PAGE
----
How do you score Kostner's free?
PCS cannot change much over time, or can it?
I really appreciate the up-loader of the video above. I can use it as an example to explain figure skating in general, especially PCS.
As you see from the video, you can tell those four videos are identical in every aspects. It's Carolina Kostner of 2013 and 2014.
If you can tell there is little difference among them, pet yourself on the shoulder.
Congratulation, you have just understood what the PCS represents. Easy, right?
PCS is a general quality of a skater's performance. In fact, by definition, PCS is what matters and all about figure skating.
Figure skating competition is an event in which a skater is evaluated based on his or her general quality of performances through execution of various elements under a specific set of rules.
However, some of you - perhaps all of you - may notice that there is difference among the clips no matter how minimal it seems.
If you can tell that they are distinctively different from each other,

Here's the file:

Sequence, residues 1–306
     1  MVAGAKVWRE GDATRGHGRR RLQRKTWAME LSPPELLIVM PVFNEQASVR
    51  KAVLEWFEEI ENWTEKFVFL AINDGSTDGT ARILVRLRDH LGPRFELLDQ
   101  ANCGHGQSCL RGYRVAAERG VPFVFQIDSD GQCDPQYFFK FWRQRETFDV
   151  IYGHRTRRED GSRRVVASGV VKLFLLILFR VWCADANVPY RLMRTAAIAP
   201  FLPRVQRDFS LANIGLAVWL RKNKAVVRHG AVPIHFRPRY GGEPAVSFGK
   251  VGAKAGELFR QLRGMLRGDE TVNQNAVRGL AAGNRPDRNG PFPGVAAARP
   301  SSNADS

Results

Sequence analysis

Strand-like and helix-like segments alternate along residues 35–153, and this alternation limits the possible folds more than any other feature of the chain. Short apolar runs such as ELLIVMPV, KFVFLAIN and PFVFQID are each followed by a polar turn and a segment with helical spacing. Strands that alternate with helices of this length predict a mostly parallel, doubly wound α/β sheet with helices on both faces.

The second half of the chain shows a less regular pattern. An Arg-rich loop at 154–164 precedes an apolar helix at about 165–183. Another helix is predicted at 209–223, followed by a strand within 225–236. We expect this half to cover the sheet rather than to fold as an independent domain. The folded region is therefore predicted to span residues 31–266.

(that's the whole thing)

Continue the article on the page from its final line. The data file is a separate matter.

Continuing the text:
now you have just entered into the realm of GOE.
Figure skating is simpler than you think. But if you are asked to explain those four clips in terms of GOE, you will be left bewildered. Don't worry. Those ISU judges can't do either.
At least, you begin to understand that the portion that GOE covers in total value has to be small enough.
Say, PCS(glossary may confuse you) will represent 80-90% of skating while GOE 10-20%. I will leave you to ponder the meaning. I will come back to this later.
What's your opinion about PCS and GOE?
GOE, a key in competition
The fundamental function of GOE is to differentiate, validate and convert the merit of executions to PCS points, that is, in context of general performance.
If you ask any judge of ISU, however, to distinguish one from another in the above, they couldn't.
The sad truth is none of those judges know how to score the four clips above. First, it's hard. Second they've never been exposed to that kind task. Third, that's not what they are trained for.